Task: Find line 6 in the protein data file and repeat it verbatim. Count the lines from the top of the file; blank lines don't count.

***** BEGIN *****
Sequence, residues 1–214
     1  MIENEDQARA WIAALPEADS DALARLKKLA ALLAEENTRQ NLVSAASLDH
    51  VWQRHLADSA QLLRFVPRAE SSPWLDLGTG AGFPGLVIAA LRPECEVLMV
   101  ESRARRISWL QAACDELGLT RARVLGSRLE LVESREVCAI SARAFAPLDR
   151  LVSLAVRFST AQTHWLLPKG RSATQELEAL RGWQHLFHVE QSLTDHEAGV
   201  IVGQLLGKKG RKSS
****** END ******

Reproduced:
   201  IVGQLLGKKG RKSS